Alabama's Nick Saban and South Carolina's Steve Spurrier are the gold standard when it comes to head coaches in the SEC. Between them, they've won 10 SEC championships, four national championships and have had a profound impact on the way the game is played in this league. They're also the only two current head coaches in the SEC who have made previous head-coaching stops in the NFL, and neither had much success.........................But several games into his first season with the Redskins, Spurrier was playing rookie quarterback Patrick Ramsey even though he didn't want to. Owner Daniel Snyder had pushed to draft Ramsey in the first round. Spurrier has since said that he "knew it was over" at the start of his second season when he wasn't allowed to pick who was going to be his backup quarterback..................."Because Spurrier was so hands-off on defense, it got to the point where guys on defense were doing whatever the heck they wanted to do," Hasselbeck said. "You had LaVar Arrington freelancing and Jeremiah Trotter doing his own thing. I think they even tried to bench Bruce Smith at one point because he wasn't the same player, but [Smith] went above Spurrier and started the following week.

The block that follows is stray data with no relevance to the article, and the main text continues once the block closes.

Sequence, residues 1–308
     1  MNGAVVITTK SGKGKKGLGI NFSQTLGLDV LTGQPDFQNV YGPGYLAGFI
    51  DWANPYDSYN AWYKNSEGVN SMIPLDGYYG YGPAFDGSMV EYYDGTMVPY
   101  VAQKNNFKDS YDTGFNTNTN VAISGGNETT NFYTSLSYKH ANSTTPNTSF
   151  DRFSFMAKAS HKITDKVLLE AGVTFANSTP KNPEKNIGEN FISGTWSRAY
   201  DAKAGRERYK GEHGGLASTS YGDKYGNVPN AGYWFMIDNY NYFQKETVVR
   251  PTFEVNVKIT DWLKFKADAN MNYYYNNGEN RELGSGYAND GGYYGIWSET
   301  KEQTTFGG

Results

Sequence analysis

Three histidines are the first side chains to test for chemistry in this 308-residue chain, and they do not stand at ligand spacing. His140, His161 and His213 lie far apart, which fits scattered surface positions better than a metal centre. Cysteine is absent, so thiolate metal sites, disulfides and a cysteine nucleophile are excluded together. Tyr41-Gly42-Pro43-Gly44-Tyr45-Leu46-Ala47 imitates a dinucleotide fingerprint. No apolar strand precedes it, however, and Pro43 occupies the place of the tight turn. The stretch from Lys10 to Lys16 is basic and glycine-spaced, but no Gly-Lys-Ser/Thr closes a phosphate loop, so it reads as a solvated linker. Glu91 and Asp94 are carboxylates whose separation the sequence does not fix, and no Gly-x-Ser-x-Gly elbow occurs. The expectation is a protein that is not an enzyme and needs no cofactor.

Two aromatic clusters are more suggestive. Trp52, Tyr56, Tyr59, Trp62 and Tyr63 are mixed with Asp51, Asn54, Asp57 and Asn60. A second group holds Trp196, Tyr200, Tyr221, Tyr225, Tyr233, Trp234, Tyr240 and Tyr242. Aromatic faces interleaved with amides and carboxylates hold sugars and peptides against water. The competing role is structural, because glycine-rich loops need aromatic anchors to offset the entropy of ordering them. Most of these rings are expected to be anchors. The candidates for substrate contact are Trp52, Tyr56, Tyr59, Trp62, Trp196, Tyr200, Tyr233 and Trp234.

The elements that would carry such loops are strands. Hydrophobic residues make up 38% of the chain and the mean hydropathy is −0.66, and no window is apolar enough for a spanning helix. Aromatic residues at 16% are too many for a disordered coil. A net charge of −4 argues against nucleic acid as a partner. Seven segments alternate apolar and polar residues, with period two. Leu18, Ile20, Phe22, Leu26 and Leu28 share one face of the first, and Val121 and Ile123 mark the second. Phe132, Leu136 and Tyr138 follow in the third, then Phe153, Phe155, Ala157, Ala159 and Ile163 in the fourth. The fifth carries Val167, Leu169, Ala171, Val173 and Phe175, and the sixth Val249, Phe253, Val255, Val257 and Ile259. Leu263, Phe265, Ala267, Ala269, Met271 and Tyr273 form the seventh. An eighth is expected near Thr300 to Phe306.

ESPN.com seems to be doing a lot of articles this week on American Football coaching. A lot of it seems to focus on the new idea of college coaches coming into the pros (Greg Schiano, Chip Kelly, etc.) and how the college gameplans have been trickling into the pros (RGII,Kaepernick, etc.) and I found this article interesting. I actually never knew Spurrier had such a hard time with the brass above him who I thought loved him.
Don,t get me wrong I was raised as a Spurrier hater due to my Dad's rabid FSU obsession and I was very upset when he became the Redskins coach. But was he set up for failure? Yes I know he had some, dare I say, lazy coaching habits it seemed but damn if those two rosters were not our worst two of the last 15 years...